- After you’ve done all the other 11 guideposts, add “what you don’t know” to imbue an atmosphere of mystery. This is inexplicable but all the best actors do it well.
- Romance is the secret life to have something better happen to us that is the “primary motivating force in every human being,” so find it.
- You can’t learn comedy, you must be born with it.
- Comedy is like a game of Ping Pong: “The faster and more precise the game of Ping-Pong is played, the more brilliant it is.”
- Often the simplest choice is the most telling, so don’t be afraid to make it.
- Present your true self in auditions
- Shurtleff believes an actor’s greatest asset is his or her authentic self. “The first step to a better audition is to give up character and use yourself,” he insists. In the audition room, present your true self and then react as you would to the unique situation, going wherever the story takes you. “Actors, who should pride themselves on their singularity, are forever trying to be someone else. It isn’t necessary for you, the actor, to like yourself. Self-love isn’t easy to come by for most of us. But you must learn to trust who you are. There is no one else like you,” he says.
- In his book, Shurtleff lists 12 guideposts for actors to use as a resource for preparation. Here are some of these guideposts, and tips for preparing on a deeper level:
- What is your relationship to others in the scene, and how do you feel about each of them? Is it a child who you love unconditionally, or an unreliable coworker who’s disappointed you several times? “Creating relationship is the heart of acting. It is basic. It is essential,” Shurtleff says. But beyond that, he insists, “Every scene is a love scene. The actor should ask the question: ‘Where is the love?’” Consider many options. He encourages actors to say “yes” to possible love stories. For example, if you’re wondering if your character is in love with another, answer “yes” and see what dramatic possibilities emerge from this creative decision. But don’t stop there. Keep exploring all the relationships. Perhaps your character wants revenge on another? Again, say “yes” and explore what happens. Was your character’s heart recently broken? Say “yes” and see what happens.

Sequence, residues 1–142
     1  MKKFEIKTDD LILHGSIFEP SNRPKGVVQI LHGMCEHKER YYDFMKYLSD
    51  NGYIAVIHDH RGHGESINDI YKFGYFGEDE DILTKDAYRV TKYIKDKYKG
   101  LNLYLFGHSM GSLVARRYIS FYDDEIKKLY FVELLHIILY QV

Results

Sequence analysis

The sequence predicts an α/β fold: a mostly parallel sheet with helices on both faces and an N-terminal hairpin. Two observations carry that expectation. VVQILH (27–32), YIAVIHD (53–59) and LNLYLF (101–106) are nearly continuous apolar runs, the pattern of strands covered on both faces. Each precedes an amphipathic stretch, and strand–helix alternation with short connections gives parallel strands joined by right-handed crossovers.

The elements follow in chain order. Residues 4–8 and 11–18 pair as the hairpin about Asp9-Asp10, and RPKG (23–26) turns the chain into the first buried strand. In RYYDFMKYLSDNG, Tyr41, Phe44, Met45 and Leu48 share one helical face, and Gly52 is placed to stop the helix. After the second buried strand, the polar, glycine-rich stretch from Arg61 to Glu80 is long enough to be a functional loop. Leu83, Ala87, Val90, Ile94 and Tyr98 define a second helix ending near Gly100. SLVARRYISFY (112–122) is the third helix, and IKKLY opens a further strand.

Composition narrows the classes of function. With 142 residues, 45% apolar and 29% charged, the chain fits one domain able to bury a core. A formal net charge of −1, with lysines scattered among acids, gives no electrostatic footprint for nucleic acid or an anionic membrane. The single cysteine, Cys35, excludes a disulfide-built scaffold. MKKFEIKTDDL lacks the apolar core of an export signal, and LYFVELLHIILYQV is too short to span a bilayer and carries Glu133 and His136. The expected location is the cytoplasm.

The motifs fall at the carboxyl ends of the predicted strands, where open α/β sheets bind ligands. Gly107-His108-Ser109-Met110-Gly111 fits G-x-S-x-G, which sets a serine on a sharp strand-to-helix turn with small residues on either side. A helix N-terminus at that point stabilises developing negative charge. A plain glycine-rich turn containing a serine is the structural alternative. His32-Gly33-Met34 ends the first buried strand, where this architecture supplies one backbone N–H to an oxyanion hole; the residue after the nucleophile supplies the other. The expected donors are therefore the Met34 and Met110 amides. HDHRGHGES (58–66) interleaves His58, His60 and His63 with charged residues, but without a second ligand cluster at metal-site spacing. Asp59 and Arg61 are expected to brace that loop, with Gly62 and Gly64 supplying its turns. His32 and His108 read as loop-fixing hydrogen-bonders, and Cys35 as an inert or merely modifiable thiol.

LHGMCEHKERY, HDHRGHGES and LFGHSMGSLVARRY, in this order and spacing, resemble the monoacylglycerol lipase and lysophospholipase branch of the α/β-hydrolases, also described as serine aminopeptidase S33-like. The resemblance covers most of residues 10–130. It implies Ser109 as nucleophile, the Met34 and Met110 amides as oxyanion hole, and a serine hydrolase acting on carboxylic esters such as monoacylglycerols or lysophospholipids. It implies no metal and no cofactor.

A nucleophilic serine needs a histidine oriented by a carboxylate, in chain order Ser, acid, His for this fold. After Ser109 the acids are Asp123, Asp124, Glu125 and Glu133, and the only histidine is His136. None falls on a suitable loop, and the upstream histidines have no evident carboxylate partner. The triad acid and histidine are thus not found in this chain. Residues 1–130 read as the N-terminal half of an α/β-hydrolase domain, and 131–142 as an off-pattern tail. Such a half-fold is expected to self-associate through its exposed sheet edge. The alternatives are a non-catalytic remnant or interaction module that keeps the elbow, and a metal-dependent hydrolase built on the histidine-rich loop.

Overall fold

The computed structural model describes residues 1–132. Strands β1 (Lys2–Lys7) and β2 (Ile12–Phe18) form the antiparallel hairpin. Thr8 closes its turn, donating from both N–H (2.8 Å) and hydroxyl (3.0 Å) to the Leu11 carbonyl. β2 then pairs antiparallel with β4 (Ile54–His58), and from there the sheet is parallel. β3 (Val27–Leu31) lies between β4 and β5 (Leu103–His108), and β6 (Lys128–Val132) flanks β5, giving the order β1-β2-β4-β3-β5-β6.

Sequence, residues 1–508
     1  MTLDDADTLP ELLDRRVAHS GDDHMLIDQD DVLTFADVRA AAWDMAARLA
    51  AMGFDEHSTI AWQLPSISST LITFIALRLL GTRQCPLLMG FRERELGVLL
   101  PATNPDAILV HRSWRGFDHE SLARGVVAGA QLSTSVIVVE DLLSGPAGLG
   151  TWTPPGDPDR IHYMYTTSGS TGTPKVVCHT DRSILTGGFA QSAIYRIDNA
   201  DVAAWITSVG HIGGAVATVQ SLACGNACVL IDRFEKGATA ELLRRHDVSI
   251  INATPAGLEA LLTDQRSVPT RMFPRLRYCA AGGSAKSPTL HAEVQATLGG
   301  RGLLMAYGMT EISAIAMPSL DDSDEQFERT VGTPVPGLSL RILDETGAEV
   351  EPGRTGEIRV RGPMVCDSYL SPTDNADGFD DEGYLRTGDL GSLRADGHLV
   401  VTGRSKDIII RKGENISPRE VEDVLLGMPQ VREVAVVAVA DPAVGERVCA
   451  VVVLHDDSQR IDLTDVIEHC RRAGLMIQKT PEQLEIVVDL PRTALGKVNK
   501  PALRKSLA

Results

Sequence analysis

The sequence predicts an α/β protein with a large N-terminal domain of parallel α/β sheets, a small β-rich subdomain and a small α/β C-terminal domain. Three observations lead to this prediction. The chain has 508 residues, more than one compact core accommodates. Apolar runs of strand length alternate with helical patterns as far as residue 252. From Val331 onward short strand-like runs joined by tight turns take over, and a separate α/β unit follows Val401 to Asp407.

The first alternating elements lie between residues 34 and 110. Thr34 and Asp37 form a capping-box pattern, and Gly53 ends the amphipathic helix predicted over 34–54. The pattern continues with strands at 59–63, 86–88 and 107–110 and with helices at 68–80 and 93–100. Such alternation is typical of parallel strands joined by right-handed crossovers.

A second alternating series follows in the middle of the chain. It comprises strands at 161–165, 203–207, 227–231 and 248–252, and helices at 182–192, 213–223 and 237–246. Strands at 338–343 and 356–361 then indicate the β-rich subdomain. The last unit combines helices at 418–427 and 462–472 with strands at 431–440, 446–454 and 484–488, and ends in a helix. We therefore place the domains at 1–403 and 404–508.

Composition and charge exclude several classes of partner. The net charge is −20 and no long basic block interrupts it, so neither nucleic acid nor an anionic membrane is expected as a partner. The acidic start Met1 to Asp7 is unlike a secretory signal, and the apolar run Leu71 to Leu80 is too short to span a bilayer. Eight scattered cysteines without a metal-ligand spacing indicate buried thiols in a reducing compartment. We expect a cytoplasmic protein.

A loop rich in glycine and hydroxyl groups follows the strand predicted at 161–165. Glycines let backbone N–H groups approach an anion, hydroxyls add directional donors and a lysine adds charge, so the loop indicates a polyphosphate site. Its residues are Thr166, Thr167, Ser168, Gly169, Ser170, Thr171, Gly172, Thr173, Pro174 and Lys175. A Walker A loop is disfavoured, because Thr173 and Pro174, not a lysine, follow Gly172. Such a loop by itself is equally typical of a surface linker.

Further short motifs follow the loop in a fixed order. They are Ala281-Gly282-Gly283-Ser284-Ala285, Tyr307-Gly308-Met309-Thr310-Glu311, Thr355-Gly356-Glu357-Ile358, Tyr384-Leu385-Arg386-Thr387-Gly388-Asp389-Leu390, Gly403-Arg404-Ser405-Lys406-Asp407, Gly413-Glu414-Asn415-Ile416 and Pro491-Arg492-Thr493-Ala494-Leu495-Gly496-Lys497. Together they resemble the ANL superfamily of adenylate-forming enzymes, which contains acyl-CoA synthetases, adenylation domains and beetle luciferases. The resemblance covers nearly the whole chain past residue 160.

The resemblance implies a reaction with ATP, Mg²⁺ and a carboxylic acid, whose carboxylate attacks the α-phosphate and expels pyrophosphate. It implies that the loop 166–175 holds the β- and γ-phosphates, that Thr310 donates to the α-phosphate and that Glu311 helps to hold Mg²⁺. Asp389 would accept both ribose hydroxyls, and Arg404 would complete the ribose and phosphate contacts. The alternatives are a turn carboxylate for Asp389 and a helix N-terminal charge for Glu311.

- What are you fighting for, and how are you working to get what you want? “An actor is looking for conflict,” Shurtleff asserts. “Conflict is what creates drama. [In life] we are taught to avoid trouble [so] actors don’t realize they must go looking for it. Plays are written about the extraordinary, the unusual, the climaxes. The more conflict actors find, the more interesting the performance.” Viewers yearn to live vicariously through others, seeing what happens to those who take risks that most dare not take in real life.
- The Moment Before
- Shurtleff insists that each scene starts in the middle. He urges actors to explore what their character was doing just before the scene started. What is your character taking from that experience into this new scene? “Every scene you will ever act in begins in the middle, and it is up to you, the actor, to provide what comes before,” he says.